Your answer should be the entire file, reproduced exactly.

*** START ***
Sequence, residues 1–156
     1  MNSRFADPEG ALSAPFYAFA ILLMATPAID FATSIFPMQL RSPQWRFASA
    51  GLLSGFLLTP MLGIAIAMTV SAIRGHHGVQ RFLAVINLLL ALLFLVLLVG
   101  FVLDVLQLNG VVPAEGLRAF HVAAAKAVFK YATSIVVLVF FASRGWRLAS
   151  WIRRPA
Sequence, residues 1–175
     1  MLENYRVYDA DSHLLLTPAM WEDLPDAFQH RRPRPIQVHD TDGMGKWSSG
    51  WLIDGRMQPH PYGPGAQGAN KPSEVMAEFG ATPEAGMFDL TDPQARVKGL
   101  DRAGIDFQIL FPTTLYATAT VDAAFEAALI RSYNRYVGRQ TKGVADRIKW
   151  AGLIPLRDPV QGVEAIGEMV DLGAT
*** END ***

Sequence, residues 1–156
     1  MNSRFADPEG ALSAPFYAFA ILLMATPAID FATSIFPMQL RSPQWRFASA
    51  GLLSGFLLTP MLGIAIAMTV SAIRGHHGVQ RFLAVINLLL ALLFLVLLVG
   101  FVLDVLQLNG VVPAEGLRAF HVAAAKAVFK YATSIVVLVF FASRGWRLAS
   151  WIRRPA
Sequence, residues 1–175
     1  MLENYRVYDA DSHLLLTPAM WEDLPDAFQH RRPRPIQVHD TDGMGKWSSG
    51  WLIDGRMQPH PYGPGAQGAN KPSEVMAEFG ATPEAGMFDL TDPQARVKGL
   101  DRAGIDFQIL FPTTLYATAT VDAAFEAALI RSYNRYVGRQ TKGVADRIKW
   151  AGLIPLRDPV QGVEAIGEMV DLGAT